Research centre to solve climate problem ‘long overdue’

 In News

A plan to set up a research centre “to solve the climate problem” is long overdue said Midlands green energy expert Ron Fox.

He was commenting on an initiative co-ordinated by the government’s former chief scientific adviser, Professor Sir David King, to investigate radical solutions such as refreezing the earth’s poles and removing CO2 from the atmosphere.

The scheme, which is the first of its kind in the world, is being set up because experts believe current approaches will not on their own stop dangerous and irreversible damage to the planet.

“This is great news and could lead to dramatic reductions in carbon emissions,” said Ron, of Noreus Ltd on the University of Keele Science Innovation Park.

“I agree with the professor who said what we do over the next ten years will determine the future of humanity for the next 10,000 years.”

The new Centre for Climate Repair is part of Cambridge University’s Carbon Neutral Futures Initiative and is led by climate scientist Dr Emily Shuckburgh.

She said their mission would be to “solve the climate problem” adding that they cannot afford to fail.

They will be looking at three main areas – refreezing the poles, recycling CO2 and greening the oceans.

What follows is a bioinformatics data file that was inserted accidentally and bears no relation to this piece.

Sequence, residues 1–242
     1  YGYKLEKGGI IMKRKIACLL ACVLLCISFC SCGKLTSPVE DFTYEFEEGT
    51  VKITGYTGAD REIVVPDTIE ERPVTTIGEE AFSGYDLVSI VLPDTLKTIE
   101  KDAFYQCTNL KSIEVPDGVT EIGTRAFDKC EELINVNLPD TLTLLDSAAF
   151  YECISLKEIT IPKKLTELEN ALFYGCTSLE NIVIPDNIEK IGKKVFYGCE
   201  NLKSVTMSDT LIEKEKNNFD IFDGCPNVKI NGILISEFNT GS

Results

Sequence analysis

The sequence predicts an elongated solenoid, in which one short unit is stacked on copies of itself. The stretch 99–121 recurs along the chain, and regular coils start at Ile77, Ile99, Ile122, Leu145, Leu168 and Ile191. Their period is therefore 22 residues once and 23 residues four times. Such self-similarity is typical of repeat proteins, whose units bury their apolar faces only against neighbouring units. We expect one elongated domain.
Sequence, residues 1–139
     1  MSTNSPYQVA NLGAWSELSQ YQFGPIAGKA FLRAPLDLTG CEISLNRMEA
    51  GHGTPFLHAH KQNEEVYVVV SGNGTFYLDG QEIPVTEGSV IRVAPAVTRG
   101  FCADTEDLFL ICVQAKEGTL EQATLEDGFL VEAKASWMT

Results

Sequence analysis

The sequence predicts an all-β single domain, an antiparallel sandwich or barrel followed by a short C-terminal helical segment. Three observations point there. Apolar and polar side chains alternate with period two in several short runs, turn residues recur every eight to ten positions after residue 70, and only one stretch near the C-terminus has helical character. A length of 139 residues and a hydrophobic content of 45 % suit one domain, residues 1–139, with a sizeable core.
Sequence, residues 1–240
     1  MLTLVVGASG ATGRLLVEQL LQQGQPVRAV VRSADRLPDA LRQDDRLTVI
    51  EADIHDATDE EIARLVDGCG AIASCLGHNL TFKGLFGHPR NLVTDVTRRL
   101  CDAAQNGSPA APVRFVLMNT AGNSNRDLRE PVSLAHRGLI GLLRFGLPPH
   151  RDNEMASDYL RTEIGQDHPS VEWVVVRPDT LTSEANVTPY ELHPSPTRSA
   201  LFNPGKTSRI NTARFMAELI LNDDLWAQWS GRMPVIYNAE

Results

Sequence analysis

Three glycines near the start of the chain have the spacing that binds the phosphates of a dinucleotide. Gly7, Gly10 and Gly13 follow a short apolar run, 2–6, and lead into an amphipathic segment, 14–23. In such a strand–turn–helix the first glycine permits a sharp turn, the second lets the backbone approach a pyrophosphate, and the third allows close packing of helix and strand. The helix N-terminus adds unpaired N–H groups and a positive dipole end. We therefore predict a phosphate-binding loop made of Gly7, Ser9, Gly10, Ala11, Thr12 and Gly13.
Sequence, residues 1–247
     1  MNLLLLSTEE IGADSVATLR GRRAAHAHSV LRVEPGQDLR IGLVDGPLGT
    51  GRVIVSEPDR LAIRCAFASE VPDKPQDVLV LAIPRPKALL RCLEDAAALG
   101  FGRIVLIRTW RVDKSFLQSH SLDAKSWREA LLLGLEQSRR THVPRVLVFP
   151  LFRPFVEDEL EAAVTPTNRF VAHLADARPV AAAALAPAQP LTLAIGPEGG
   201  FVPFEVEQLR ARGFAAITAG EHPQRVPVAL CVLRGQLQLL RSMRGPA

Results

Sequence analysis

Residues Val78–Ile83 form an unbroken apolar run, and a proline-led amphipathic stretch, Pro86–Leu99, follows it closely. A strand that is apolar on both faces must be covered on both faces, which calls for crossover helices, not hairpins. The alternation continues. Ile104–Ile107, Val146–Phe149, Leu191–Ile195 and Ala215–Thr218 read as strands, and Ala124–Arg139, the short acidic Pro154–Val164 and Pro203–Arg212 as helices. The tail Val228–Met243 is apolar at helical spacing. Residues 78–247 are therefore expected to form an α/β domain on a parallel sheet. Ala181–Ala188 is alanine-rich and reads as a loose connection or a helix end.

Scientists said one of the most promising ideas was with the North and South Poles. They plan to “brighten” the clouds above them by pumping seawater up to tall masts on ships through very fine nozzles.

This produces tiny particles of salt which are injected into the clouds, making them more widespread and reflective, so cooling the areas below them.

A second scheme is a variant of carbon capture and storage (CCS) which involves collecting carbon dioxide emissions from coal or gas fired power stations or steel plants and storing them underground.

Professor Peter Styring, of the University of Sheffield, is developing this pilot scheme with Tata Steel in Port Talbot in South Wales which effectively recycles CO2 by converting the firm’s carbon emissions on site into fuel using the plant’s waste heat.

Prof Styring said they had sources of hydrogen, carbon dioxide, heat and renewable energy from the plant and they were going to harness all of them to make synthetic fuels.

A third plan is to look at greening the world’s oceans so they can take up more CO2 by fertilising the sea with iron salts to promote the growth of plankton.

This could also lead to genetically engineering heat-resistant coral or dumping chemicals into the sea to make it less acidic.

“These plans are very innovative,” said Ron. “Because if we reduce our emissions all we are doing is making the global climate warmer a bit more slowly when it’s already too warm and we have already got too much CO2 in the atmosphere.”

But he added: “Climate repair actually cools the planet bringing it back to what it was before global warming.”

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